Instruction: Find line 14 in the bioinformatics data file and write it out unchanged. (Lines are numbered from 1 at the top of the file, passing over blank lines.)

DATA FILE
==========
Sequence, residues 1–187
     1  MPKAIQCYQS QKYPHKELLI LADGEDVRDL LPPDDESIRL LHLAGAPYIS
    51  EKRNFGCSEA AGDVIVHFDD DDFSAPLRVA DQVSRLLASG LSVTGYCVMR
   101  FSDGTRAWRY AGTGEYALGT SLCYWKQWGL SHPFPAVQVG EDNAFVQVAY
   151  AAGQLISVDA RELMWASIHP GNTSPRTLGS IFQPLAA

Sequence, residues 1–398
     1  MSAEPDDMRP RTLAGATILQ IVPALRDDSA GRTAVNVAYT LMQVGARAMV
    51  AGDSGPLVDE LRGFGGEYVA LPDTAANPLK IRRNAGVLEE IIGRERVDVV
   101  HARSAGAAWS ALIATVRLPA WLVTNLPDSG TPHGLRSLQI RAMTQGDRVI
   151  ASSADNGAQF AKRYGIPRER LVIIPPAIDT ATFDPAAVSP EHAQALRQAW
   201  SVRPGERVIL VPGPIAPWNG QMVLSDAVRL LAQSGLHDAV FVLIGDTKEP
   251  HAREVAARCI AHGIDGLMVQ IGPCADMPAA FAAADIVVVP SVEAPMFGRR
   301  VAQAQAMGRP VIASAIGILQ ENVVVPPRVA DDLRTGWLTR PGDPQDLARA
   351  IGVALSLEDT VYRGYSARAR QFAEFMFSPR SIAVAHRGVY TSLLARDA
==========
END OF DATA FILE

   351  IGVALSLEDT VYRGYSARAR QFAEFMFSPR SIAVAHRGVY TSLLARDA